Rampling would appear alongside Dirk Bogarde again several years later in Liliana Cavani’s 1974 drama The Night Porter, where she played a concentration camp survivor who, after the war, reunites with a former Nazi camp guard (Bogarde) with whom she had a sadomasochistic sexual relationship. Filled with the kind of graphic nudity and depravity one would expect from its plot description, the controversial film firmly established Rampling as the European arthouse cinema’s dark doyenne.
The Seventies and Eighties were a fertile period for Rampling and found her working with such accomplished international filmmakers as John Boorman (in the bizarre 1974 sci-fi fantasy Zardoz), Arturo Ripstein (Foxtrot, 1976), Woody Allen (Stardust Memories, 1980), Claude Lelouch (Vive le vie!, 1984), Jacques Deray (He Died with His Eyes Open, 1985), Alan Parker (Angel Heart, 1986), Nagisa Ōshima (Max, Mon Amour, 1986) and David Hare (Paris by Night, 1988).
Oh, there were turkeys, too. Remember the 1977 Jaws knock-off Orca? Where the highlight featured neither Rampling nor leading man Richard Harris, but rather supporting player Bo Derek, whose lovely leg is memorably nibbled off by a vengeful killer whale? We don’t recall it, either. (Actually, I do remember a scene that found Charlotte poured into a wetsuit, and thinking that producer Dino De Laurentiis was probably praying that it would do for Orca what Jackie Bisset in a wet T-shirt had done for The Deep a few months earlier.)
It was in the early 2000s that Rampling began serving as a muse of sorts for François Ozon, a melodramatist who first cast the then-54-year-old Rampling in his tragic mystery Under the Sand (2000). The film centers on a middle-aged wife who slowly becomes unhinged after her husband mysteriously vanishes at the beach one afternoon. Ozon’s Swimming Pool (2003), Angel (2007) and Young and Beautiful (2013) followed over the next decade, all of which tapped into the maturity and strength that came from his leading lady’s 30 years of onscreen experience. Rampling has actually credited Ozon with energizing her career and helping her to “re-realize my potential as a cinema actor” following her battle with depression for most of the Nineties, a delayed reaction to her sister’s suicide back in the late 1960s.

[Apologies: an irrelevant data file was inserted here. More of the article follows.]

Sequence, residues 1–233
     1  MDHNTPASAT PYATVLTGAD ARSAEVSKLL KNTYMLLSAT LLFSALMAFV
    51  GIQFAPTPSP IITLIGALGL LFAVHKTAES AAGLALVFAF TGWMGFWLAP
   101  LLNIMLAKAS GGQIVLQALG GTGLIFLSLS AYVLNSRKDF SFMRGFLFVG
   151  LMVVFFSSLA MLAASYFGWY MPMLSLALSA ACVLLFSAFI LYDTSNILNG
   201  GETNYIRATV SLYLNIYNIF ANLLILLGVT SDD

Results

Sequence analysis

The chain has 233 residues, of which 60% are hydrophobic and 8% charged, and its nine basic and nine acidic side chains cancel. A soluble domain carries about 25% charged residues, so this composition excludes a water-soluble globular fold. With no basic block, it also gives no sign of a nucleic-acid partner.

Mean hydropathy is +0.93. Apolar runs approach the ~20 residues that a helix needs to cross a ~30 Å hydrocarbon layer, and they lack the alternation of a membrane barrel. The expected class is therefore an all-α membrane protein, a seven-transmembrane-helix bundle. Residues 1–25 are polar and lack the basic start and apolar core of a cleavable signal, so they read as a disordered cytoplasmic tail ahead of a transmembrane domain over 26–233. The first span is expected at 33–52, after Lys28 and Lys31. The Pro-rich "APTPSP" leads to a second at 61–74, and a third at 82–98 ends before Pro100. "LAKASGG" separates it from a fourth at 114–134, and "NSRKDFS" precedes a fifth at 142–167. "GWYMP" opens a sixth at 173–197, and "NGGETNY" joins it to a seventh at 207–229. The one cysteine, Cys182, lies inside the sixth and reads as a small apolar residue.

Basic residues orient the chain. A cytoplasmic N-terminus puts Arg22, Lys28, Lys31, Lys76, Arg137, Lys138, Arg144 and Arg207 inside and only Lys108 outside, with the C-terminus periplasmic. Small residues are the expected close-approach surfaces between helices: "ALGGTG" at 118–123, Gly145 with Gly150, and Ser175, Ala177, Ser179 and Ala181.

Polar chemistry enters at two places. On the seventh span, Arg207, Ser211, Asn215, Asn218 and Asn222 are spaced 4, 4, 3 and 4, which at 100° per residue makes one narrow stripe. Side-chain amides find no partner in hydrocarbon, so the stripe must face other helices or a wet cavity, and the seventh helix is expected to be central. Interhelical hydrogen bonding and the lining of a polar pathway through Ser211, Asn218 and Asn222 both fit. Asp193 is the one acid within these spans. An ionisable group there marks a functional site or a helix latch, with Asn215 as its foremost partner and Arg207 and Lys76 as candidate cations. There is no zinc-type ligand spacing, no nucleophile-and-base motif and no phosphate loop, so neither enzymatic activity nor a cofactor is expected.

Rampling hasn’t missed a step over the past decade, her finest roles continuing to reflect her age and aura. She’s wise and wizened, you might say, particularly in 2016’s 45 Years, for which she earned her sole Academy Award nomination for Best Actress. (Her Golden Globe and Emmy noms were for the 2015 TV movie London Spy and the 2012 miniseries Restless, respectfully.) Writer/director Andrew Haigh’s romantic drama about a British couple whose lives take a precarious turn on the eve of their 45th anniversary when a decades-old secret rears its head was a remarkable showcase for Rampling and co-star Tom Courtenay as it quietly illustrated how the past is never past.
Back in the present, while the upcoming arthouse offerings Benedetta and Everything Is Fine might each find respectable viewerships, it's Dune that will put Rampling in front of the biggest global audience of her career.
Recalling her roles in the post-apocalyptic thriller Babylon A.D (2008), the dystopian romantic fantasy Never Let Me Go (2010) and, of course, Zardoz, Rampling plays the all-seeing "Reverend Mother" Gaius Helen Mohiam. A leader of the Bene Gesserit, an enigmatic sisterhood whose mystical members have conditioned their bodies and minds to obtain superhuman powers, Rampling’s Gaius has the power to create and affect social, religious and political happenings in the Dune universe.
Yeah, it sounds a little perplexing to me, too, as I’m not a Dune acolyte. But it looks like they found the right actress to keep it magical and mysterious.
Laurence Lerman is a film journalist, former editor of Video Business--Variety's DVD trade publication--and husband to The Insider's own Gwen Cooper. Over the course of his career he has conducted one-on-one interviews with just about every major director working today, including Martin Scorsese, Quentin Tarantino, Clint Eastwood, Kathryn Bigelow, Ridley Scott, Walter Hill, Spike Lee, and Werner Herzog, among numerous others. Once James Cameron specifically requested an interview with Laurence by name, which his wife still likes to brag about. Most recently, he is the co-founder and editor-in-chief of the online review site DiscDish.com.